Date: Sunday, November 8, 2015
Session Type: ACR Poster Session A
Session Time: 9:00AM-11:00AM
Background/Purpose: Acute articular involvement is an important feature of childhood systemic lupus erythematosus (cSLE) and adult-onset (aSLE) patients, and it has been described in up to 70% of children and 90% of adults. In contrast, evaluation of chronic arthritis (CA) has been restricted to case reports or small series in cSLE and aSLE patients. Moreover, comparison of clinical and laboratorial parameters in both SLE groups with CA is lacking in the literature. Therefore, the objective of the present study was to determine the overall prevalence of CA, and to compare clinical/laboratorial features and treatment in a large population of children and adult lupus patients.
Methods: This retrospective study evaluated medical charts of 336 cSLE and 1,830 aSLE patients (ACR criteria) followed in the same tertiary hospital. Demographic data, arthritis characteristics, clinical features, disease activity (SLEDAI-2K) and treatment were recorded. CA was defined as synovitis with least 6 weeks duration. Rhupus syndrome was characterized as the association of SLE and juvenile idiopathic arthritis/rheumatoid arthritis with erosion. Jaccoud’s arthropathy was defined as a non-erosive subluxation leading to severe deformity of the hands and feet, mild aching and little or no evidence of synovitis.
Results: Frequencies of CA were similar in cSLE and aSLE patients (2.3% vs. 3.7%,p=0.261). Hands (62% vs. 58%,p=1.000), wrists (62% vs. 48%,p=0.480) and knees (50% vs. 17%,p=0.053) were the most frequently involved joints in both groups. Ankles were significantly more involved in cSLE (100% vs. 16%,p<0.001). The median of disease duration until CA diagnosis was shorter in cSLE (0 vs. 10 years,p<0.001). Children presented more polyarthritis than adults (75% vs. 32%,p=0.024), as well as median number of joints with arthritis [8.5(1-18) vs. 3(1-9),p=0.017] and number of joints with limitation on motion [1.5(0- 24) vs. 0(0-4),p=0.004]. Further analysis of cSLE and aSLE patients at CA diagnosis revealed higher frequencies of hepatomegaly (25% vs. 0,p=0.009), splenomegaly (25% vs. 0,p=0.009), alopecia (37% vs. 1.4%,p=0.002), pericarditis (25% vs. 0, p=0.009), nephritis (37% vs. 3%,p=0.006), hematuria (37% vs. 1.4%,p=0.002), lupus anticoagulant (40% vs. 1.6%, p=0.012) and anticardiolipin IgM (40% vs. 1.5%,p=0.012) and higher median of SLEDAI-2K [10.5(1-20) vs. 6(4-16),p=0.029] in the former group. Frequencies of rhupus syndrome (12% vs. 17%,p=1.0) and concomitant Jaccoud’s arthropathy (0 vs. 17%,p=0.343) were similar in cSLE and aSLE patients at CA diagnosis. The frequencies of glucocorticoid, antimalarials and methotrexate use were similar in both groups (p>0.05).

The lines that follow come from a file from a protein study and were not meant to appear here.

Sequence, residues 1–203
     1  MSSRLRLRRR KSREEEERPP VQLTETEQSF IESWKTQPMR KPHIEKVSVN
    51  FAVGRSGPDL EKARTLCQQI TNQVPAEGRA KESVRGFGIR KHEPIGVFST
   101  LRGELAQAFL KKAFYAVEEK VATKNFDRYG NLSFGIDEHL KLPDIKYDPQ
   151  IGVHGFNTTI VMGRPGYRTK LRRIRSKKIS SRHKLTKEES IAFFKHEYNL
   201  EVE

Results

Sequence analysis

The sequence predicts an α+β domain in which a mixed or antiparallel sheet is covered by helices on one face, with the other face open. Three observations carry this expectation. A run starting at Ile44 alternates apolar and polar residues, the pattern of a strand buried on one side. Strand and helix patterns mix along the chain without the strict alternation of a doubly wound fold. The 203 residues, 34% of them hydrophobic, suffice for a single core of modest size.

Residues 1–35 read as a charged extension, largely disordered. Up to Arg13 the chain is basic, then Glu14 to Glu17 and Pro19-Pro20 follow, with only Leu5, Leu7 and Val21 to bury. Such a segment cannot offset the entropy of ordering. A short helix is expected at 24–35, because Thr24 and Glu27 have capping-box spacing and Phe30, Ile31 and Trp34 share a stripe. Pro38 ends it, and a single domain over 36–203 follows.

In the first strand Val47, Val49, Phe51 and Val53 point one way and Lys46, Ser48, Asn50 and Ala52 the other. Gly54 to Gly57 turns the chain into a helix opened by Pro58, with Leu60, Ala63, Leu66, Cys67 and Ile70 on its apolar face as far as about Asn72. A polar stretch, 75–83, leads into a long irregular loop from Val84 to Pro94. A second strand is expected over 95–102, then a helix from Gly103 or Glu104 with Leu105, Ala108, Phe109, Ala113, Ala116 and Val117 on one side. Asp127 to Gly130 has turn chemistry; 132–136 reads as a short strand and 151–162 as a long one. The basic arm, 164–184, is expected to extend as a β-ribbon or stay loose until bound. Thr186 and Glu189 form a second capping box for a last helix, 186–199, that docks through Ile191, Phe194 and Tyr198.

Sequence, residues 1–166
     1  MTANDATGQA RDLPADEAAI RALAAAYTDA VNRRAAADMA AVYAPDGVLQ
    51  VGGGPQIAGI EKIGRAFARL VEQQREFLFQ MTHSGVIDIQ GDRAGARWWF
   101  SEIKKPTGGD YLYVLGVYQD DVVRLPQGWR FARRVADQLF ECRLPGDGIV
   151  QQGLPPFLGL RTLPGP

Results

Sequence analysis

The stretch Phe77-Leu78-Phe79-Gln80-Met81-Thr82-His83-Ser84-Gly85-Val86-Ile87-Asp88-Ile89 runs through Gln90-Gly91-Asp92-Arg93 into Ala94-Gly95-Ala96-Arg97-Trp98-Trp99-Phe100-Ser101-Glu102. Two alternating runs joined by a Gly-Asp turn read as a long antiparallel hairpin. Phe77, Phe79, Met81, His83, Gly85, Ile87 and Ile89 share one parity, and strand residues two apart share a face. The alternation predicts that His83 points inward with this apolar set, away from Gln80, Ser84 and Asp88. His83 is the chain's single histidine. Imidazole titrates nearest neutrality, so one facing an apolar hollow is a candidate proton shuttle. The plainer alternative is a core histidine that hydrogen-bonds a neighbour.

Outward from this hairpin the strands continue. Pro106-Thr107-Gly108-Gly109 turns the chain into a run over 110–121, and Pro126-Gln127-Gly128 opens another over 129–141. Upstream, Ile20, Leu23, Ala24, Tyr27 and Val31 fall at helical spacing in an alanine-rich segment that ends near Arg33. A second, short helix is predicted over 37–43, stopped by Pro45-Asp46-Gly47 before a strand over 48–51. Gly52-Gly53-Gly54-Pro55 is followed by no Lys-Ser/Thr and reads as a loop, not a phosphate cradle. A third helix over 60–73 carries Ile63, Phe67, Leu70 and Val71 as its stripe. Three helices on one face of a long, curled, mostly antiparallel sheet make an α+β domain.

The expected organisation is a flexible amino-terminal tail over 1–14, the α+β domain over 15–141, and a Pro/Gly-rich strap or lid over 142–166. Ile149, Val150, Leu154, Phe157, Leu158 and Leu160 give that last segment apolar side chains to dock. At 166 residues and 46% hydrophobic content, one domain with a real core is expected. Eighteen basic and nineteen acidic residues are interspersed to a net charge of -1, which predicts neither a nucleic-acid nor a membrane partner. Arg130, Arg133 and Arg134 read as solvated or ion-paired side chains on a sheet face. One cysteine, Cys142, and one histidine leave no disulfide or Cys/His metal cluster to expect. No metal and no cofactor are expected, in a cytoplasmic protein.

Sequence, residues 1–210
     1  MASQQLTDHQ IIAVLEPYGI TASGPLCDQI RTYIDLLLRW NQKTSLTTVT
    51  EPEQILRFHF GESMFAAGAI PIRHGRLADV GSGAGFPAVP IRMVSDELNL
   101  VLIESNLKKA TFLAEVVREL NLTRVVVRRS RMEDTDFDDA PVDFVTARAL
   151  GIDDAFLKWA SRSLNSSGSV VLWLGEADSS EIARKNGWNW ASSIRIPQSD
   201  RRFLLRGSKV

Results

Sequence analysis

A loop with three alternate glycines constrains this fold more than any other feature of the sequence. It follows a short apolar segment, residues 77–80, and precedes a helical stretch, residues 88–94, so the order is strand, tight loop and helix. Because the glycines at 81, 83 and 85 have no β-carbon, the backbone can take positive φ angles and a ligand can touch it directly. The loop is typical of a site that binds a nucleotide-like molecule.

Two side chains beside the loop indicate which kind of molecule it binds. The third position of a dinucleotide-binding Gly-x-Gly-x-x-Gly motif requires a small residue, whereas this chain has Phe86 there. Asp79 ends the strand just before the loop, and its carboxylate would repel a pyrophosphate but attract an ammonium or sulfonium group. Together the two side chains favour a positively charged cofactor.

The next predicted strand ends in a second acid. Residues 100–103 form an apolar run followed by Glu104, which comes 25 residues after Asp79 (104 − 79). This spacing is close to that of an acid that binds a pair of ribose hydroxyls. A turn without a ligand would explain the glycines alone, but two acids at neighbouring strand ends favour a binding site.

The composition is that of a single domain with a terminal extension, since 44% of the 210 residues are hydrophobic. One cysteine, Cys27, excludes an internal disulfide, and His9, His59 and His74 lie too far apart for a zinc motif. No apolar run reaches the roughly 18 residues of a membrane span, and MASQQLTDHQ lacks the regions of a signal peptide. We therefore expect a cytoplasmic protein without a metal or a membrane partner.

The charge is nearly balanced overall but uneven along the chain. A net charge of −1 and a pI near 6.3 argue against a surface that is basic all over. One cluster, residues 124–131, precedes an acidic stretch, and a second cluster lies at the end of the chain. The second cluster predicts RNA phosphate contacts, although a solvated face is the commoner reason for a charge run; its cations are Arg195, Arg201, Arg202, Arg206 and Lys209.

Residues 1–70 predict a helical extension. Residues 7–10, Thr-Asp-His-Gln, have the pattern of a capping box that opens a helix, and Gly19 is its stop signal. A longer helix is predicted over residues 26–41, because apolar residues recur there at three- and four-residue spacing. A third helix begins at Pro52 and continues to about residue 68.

Conclusion: We identified that chronic arthritis in SLE has distinct features in children with very early onset, polyarticular involvement and often associated with active disease. We further demonstrated that rhupus is not a relevant cause of CA in cSLE and aSLE patients, suggesting that CA represents a distinct manifestation of lupus.
To cite this abstract in AMA style:Gormezano NW, Silva CA, Aikawa NE, Barros DL, da Silva MA, Otsuzi CI, Kozu KT, Seguro L, Pereira RMR, Bonfá E. Chronic Arthritis in Systemic Lupus Erythematosus: Distinct Features in 336 Pediatric and 1,830 Adult Patients [abstract]. Arthritis Rheumatol. 2015; 67 (suppl 10). https://acrabstracts.org/abstract/chronic-arthritis-in-systemic-lupus-erythematosus-distinct-features-in-336-pediatric-and-1830-adult-patients/. Accessed September 25, 2021.
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